Salt

SaltSalt
An excerpt about Salt

Film Review

Tough Action Lacks Narrative Bite

Angelina Jolie in "Salt"

By T.T. Stern-Enzi

Evelyn Salt (Angelina Jolie) is not at all what she seems, and in this supposed action-thriller by Philip Noyce, audiences are served up an undercooked piece that is overburdened with random sprinklings of spice that fail to satisfy more discriminating tastes. It is possibly telling to note that Salt, with its double agent agenda full of blatantly obvious misdirection, was initially a starring vehicle for Tom Cruise, who suffered through his own action-adventure misfire earlier this summer in Knight & Day (a fast food version of the marginally meatier Jolie starrer Mr. & Mrs. Smith). Hollywood seems to believe that blockbuster recipes only require substituting an ingredient or two.
After a quick switch in the studio pantry, the marketers got busy pitching Salt as a new franchise, referring to its heroine as “a female Bourne” and eagerly exploiting our familiarity with Jolie as a tough and meaty action-oriented babe. And she is definitely game, running off screens and gunning from distance like Ray Allen versus the LA Lakers. The only problem is that like Allen, who really only had one phenomenal game for the Boston Celtics in the NBA Finals, Jolie can’t pull this off alone.
It’s not like she has to though since Salt also features a pair of strong supporting players – Liev Schreiber and Chiwetel Ejiofor – who, along with Jolie, seem to be in search of a film to match their burning intensities. They would never be mistaken for a “Big Three” type of combination that has become the latest fashion in the NBA, but Jolie, Schreiber and Ejiofor are capable of generating sufficient heat, plus there’s the presence of director Phillip Noyce who, while not a genre genius or auteur-level director, has proven adept at delivering the goods, in terms of both action (Clear and Present Danger, The Bone Collector with Jolie) and storytelling (Rabbit-Proof Fence, The Quiet American).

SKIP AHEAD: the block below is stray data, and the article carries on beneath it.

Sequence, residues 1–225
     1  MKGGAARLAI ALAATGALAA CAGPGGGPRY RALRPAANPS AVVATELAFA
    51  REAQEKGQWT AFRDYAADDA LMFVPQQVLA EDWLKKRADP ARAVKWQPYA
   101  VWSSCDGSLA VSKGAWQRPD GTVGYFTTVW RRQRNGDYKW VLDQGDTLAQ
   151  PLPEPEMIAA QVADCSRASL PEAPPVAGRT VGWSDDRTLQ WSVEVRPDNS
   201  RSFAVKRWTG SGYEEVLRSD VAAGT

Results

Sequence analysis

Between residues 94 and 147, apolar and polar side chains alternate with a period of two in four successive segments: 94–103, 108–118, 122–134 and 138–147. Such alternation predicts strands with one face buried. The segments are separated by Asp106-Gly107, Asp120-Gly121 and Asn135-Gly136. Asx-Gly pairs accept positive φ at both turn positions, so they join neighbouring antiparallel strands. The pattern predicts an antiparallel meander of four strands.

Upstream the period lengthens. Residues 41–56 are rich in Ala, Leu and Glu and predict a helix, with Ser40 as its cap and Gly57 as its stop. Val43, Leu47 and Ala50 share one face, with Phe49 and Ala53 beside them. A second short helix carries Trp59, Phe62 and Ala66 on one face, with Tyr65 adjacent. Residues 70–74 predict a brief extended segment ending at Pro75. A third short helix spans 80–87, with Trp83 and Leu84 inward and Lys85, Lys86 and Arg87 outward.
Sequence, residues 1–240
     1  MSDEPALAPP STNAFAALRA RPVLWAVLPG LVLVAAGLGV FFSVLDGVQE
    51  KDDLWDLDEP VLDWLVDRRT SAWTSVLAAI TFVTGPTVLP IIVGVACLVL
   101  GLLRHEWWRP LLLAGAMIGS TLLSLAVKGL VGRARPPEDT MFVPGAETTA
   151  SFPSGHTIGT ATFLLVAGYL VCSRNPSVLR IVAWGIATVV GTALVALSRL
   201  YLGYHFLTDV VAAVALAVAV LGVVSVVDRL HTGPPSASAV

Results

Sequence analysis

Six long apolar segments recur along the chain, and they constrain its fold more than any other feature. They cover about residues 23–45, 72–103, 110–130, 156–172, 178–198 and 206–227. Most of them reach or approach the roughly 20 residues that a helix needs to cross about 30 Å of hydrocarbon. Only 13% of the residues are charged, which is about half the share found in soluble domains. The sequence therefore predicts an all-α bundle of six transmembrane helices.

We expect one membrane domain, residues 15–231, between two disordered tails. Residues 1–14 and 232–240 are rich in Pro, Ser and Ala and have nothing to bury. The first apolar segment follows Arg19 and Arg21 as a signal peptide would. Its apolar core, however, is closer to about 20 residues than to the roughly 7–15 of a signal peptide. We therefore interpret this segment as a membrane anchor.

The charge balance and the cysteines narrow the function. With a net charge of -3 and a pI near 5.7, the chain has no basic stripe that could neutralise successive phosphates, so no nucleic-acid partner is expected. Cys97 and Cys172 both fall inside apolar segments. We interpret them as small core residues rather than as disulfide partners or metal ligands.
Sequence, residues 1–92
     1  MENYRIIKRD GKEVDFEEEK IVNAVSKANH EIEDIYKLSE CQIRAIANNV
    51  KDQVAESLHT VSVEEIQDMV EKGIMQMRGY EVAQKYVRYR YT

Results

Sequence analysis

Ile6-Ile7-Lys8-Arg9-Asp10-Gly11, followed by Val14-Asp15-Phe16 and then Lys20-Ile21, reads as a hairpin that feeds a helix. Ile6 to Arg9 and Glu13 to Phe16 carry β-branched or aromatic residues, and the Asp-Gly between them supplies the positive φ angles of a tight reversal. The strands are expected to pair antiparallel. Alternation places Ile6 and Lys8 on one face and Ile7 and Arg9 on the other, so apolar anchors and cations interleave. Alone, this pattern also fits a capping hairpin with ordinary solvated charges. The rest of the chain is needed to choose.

So what went wrong (besides my own gourmet sports mixed metaphors)?
I lay the blame on writer Kurt Wimmer, the wild spice that makes the whole affair less than palatable. His obsession with dark and conflicted anti-heroes has run amok and failed to offer any new and/or significant insights. As a screenwriter his variations on this theme have resulted in Equilibrium, The Recruit, Ultraviolet and Street Kings. None of these films successfully resolved his twisted vision, which means that we have had to bear with him as he continues to work out his issues onscreen. And now Salt is placed before us, yet another hapless attempt at subverting good and evil/light versus darkness in the soul, and the world of espionage should be the perfect setting. But such a treat needs to hold a hint of surprise to tease us. Much like Knight & Day, Salt is a one-note dish that left me cold.
Salt can be seen at Rave The Greene 14, Rave Dayton South and more